Carmen Ariza Part 151

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After a brief explanation to the doctor of the purpose of the meeting, and a short resume of their previous deductions, Father Waite continued the exposition of his subject.

"The physical universe," he said, "is to human beings a reality. And yet, according to Spencer's definition of reality, we must admit that the universe as we see it is quite unreal. For the real is that which endures."

"And you mean to say that the universe will not endure?" queried Haynerd abruptly.

"I do," replied Father Waite. "The phenomena of the universe, even as we see it, are in a state of ceaseless change. Birth, growth, maturity, decay, and death seems to be the law for all things material. There is perpetual genesis, and perpetual exodus."

"But," again urged Haynerd, "matter itself remains, is indestructible."

"Not so," said Father Waite. "Our friend, Doctor Morton, will corroborate my statement, I am sure."

The doctor nodded. "It is quite true," he said in reply. "And as revolutionary as true. The discovery, in the past few years, of the tremendously important fact that matter disintegrates and actually disappears, has revolutionized all physical science and rendered the world's text books obsolete."

"And matter actually disappears?" echoed Miss Wall incredulously.

"Absolutely!" interposed Hitt. "The radium atom, we find, lasts some seventeen hundred years, or a trifle longer. What becomes of it when it is destroyed? We can only say that it disappears from human consciousness."

"And so you reason that the whole material universe will ultimately disappear from the human consciousness?"

"Yes," returned Hitt, "I feel certain of it. Let us consider of what the universe consists. For many months I have been pondering this topic incessantly. I find that I can agree, in a measure, with those scientists who regard the physical universe as composed of only a few elementary const.i.tuents, namely, matter, energy, s.p.a.ce, and time--"

"Each one of these elements is mental," interrupted Carmen.

"Exactly!" replied Hitt. "And the physical universe, even from the human standpoint, is, therefore, wholly mental."

"Well, but we see it!" e.j.a.c.u.l.a.t.ed Haynerd. "And we feel and hear it!

And I'm sure we smell it!"

Hitt laughed. "Do we?" he asked.

"No," interposed Father Waite; "we see only our mental concept of a universe, for seeing is wholly a mental process. Our comprehension of anything is entirely mental."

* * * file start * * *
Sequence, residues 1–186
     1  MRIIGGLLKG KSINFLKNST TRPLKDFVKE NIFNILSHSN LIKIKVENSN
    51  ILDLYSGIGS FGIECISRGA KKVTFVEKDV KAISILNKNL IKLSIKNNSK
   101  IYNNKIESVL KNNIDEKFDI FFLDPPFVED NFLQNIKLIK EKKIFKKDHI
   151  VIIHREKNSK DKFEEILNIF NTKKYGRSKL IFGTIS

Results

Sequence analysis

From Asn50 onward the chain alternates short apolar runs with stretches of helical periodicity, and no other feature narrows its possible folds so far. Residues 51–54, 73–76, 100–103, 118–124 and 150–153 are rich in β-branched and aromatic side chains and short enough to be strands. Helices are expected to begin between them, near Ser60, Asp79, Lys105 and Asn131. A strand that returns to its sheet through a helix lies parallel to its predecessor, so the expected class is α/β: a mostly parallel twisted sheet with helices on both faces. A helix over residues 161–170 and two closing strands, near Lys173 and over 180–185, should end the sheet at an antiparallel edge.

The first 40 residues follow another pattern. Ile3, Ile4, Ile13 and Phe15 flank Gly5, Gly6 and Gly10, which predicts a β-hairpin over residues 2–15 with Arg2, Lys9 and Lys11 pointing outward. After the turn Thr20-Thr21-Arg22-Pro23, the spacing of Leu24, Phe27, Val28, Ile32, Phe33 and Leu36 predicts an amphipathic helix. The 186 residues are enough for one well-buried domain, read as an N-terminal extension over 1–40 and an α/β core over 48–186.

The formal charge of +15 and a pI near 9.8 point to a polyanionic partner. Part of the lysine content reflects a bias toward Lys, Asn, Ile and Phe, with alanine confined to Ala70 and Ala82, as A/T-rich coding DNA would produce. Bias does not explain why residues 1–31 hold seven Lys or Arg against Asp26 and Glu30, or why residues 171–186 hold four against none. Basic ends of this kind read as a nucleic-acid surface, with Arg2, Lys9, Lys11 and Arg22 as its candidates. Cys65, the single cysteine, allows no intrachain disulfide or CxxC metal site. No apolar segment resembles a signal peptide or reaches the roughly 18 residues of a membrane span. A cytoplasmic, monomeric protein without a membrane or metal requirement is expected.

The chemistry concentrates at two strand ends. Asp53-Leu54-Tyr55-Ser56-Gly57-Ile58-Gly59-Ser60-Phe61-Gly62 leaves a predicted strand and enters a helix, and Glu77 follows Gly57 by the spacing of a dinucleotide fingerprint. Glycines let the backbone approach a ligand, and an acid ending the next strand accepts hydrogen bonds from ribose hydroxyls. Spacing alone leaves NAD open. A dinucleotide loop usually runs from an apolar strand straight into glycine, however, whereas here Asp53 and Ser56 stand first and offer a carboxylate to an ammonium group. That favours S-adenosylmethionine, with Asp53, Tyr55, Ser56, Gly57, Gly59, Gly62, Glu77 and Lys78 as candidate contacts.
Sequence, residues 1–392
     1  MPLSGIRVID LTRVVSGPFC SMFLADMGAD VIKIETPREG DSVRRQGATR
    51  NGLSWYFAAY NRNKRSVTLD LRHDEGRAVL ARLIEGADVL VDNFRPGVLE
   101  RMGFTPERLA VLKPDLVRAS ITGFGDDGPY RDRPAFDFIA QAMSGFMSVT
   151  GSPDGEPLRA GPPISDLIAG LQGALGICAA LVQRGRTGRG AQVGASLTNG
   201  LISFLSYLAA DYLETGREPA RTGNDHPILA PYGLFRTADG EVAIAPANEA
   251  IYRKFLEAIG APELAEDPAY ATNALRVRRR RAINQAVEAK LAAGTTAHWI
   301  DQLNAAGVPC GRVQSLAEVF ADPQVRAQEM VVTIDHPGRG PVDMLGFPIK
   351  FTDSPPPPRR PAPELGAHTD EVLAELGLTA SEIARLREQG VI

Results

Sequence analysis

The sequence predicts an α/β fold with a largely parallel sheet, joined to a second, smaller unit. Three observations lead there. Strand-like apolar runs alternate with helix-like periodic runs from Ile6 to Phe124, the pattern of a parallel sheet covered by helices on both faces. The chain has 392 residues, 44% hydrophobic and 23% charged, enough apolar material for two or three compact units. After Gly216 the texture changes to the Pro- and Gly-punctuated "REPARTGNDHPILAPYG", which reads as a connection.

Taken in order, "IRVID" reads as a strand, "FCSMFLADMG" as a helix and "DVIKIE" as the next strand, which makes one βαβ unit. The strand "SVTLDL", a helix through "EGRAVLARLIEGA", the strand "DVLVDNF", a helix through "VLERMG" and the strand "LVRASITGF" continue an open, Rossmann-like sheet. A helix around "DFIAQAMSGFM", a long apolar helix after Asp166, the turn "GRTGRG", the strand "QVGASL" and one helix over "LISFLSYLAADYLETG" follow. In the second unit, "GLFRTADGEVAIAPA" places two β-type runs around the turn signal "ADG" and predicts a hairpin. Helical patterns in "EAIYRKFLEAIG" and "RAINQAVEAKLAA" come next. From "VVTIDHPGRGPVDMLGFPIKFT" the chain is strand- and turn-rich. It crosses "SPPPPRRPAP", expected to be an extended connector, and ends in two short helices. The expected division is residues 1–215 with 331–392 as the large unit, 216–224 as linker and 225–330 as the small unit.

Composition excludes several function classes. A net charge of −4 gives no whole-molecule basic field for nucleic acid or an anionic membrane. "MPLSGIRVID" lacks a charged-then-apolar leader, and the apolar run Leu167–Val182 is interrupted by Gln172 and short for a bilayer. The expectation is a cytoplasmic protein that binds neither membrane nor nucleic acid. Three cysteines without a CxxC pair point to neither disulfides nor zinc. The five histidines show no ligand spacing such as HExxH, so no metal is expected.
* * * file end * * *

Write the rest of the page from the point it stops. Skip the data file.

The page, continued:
"But now," resumed Hitt, "to get back to the supposed reality of the physical universe, let us examine its const.i.tuents. First, let us consider its unity established by the harmonious interplay of the forces permeating it. This great fact is what led Herbert Spencer to conclude that the universe could have but one creator, one ruler, and that polytheism was untenable."

"We are quite agreed regarding that," said Father Waite. "If the Creator is mind, He is of very necessity infinite and omnipotent; hence there can be but one Creator."

"Very well," continued Hitt. "Now as to time. Is it material or tangible? Would it exist, but as a convenience for the human mind? Is it not really a creation of that mind? And, lastly, is it not merely a mental concept?"

"Our consciousness of time," replied Carmen, "is only our awareness of a continuous series of mental states."

"That cla.s.sifies it exactly," said Hitt, "and renders it wholly mental. And now as to s.p.a.ce," he resumed. "We are accustomed to say, loosely, that s.p.a.ce is that in which we see things about us. But in what does the process of seeing consist? I say, I see a chair. What I really mean is that I am conscious of a chair. The process of seeing, we are told, is this: light, coming from the chair, enters the eye and casts an image of the chair upon the retina, much as a picture is thrown upon the ground gla.s.s of a camera. Then, in some way, the little rods and cones--the branching tips of the optic nerve which project from the retina--are set in motion by the light-waves. This vibration is in some mysterious manner carried along the optic nerve to a center in the brain, and--well, then the mind becomes cognizant of the chair out there, that's all."

They sat silent for some moments. Then Miss Wall spoke. "Do you mean to say," she queried, "that, after thousands of years of thought and investigation, mankind now know nothing more than that about the process of seeing?"

"I do," returned Hitt. "I confess it in all humility."

"Then all I've got to say," put in Haynerd, "is that the most remarkable thing about you learned men is your ignorance!"

The doctor smiled. "I find it is only the fool who is c.o.c.ksure," he replied.

"Now," said Hitt, resuming the conversation, "let us go a step further and inquire, first, What is light? since the process of seeing is absolutely dependent upon it."

"Light," offered the doctor, "is vibrations, or wave-motion, so physicists tell us."

"Just so," resumed Hitt. "Light, we say, consists of vibrations. Not vibrations of anything tangible or definitely material, but--well, just vibrations in the abstract. It is vibratory or wave motion. Now let us concede that these vibrations in some way get to the brain center; and then let us ask, Is the mind there, in the brain, awaiting the arrival of these vibrations to inform it that there is a chair outside?"